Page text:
University of Hull students and staff
Current students and staff at the University of Hull need their University ID cards to enter and use the Brynmor Jones Library. You will automatically be registered as a library user when you join the University. Library staff located on the Ground floor can admit you into the Library if you have forgotten or lost your card. You may be required to provide identification such as your userID or student number for access.
If you have lost your card and require another, you can request this from the Library staff member or from Student Services. Staff should log a request with HR through the support portal.
The Library welcomes external visitors. Members of the public, alumni of the University, students and staff at other universities or colleges can all apply to use the Library.
There are three methods:
Art Gallery and Exhibition space
The University of Hull Art collection has a representation of sculpture, drawings, prints, cartoons, costume designs and paintings. Groups represented in the collection range from the Camden Town Group; post impressionist artists active between 1911-1913 alongside the Bloomsbury Group; an influential group of associated writers, intellectuals, philosophers and artists. There are also many highlights within the collection with artists such as Vanessa Bell, Samuel Peploe, Christopher Nevinson and Sir Stanley Spencer.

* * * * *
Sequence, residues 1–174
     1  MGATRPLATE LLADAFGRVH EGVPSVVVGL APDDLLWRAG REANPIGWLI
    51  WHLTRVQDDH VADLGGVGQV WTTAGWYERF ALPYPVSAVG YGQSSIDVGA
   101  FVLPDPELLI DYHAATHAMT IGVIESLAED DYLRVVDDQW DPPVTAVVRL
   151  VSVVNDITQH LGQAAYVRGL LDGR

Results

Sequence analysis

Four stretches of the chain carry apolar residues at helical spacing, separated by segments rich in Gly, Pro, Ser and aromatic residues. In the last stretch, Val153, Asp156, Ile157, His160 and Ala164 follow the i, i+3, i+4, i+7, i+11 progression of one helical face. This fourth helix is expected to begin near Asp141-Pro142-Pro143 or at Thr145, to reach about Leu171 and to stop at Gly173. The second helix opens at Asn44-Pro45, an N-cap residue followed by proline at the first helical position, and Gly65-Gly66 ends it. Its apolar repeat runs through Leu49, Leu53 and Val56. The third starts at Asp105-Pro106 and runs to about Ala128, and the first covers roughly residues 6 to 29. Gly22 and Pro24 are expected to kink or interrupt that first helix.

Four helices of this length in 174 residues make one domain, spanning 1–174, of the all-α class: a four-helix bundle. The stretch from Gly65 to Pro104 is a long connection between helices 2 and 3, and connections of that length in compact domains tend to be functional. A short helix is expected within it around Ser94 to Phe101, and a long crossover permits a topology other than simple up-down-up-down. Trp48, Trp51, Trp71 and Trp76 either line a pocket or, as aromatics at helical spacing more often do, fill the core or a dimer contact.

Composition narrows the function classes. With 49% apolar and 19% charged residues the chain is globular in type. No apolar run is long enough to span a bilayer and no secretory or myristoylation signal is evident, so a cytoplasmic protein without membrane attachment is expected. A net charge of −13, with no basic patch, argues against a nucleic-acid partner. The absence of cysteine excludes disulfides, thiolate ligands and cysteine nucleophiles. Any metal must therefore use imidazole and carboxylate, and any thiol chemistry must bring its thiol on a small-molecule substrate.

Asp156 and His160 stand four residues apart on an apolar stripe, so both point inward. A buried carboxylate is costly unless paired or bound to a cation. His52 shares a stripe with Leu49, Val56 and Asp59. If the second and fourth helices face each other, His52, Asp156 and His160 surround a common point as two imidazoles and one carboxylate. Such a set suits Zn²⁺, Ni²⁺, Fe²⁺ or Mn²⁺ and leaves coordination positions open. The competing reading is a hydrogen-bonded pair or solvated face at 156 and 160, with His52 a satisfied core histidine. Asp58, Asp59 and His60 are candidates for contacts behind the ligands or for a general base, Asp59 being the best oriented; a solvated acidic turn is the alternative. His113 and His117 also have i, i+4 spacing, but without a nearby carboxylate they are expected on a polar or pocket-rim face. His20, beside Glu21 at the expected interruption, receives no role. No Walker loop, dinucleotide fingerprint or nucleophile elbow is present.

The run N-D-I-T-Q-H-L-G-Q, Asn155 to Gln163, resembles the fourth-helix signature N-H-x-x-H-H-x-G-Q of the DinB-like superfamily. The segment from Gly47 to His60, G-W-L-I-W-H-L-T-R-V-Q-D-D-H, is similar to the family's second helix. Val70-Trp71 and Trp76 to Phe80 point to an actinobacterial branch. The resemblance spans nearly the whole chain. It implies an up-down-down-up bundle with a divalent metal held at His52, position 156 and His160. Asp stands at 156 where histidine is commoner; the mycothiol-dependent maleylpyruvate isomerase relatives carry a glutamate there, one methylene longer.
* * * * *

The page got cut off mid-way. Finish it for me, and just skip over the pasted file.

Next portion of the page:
There is also an exhibition space for temporary exhibits.
Rare Books Collection
The University Library has a rare books collection housed in a specialised cube on the 7th floor of the Library. Our rare books collections comprise a wide variety of titles published between 1473 and 2002, with strengths in the 18th and early 20th centuries. Texts are in 18 languages, living and dead. Places of publication range from Amsterdam to Zwickau, covering 26 countries on 5 continents.
The historic libraries of Hull Minster, St Mary's, Lowgate and Hull Grammar School
Examples of fine printing from private presses
First editions of intellectual milestones such as Robert Hooke's Micrographia (1665), Samuel Johnson’s Dictionary (1755), Einstein's seminal Annalen der Physik 1905 papers and Lady Chatterley's lover (1928)
First and early editions of the works of Anthony Trollope, Sir Walter Scott and Rudyard Kipling.
Visits to our rare books collection are available by appointment only. You must be able to provide a list of resources you wish to consult.
Further archives can be found at the Hull History Centre. The centre is home to thousands of archive collections, covering everything from Medieval land occupation to 20th century political campaigning.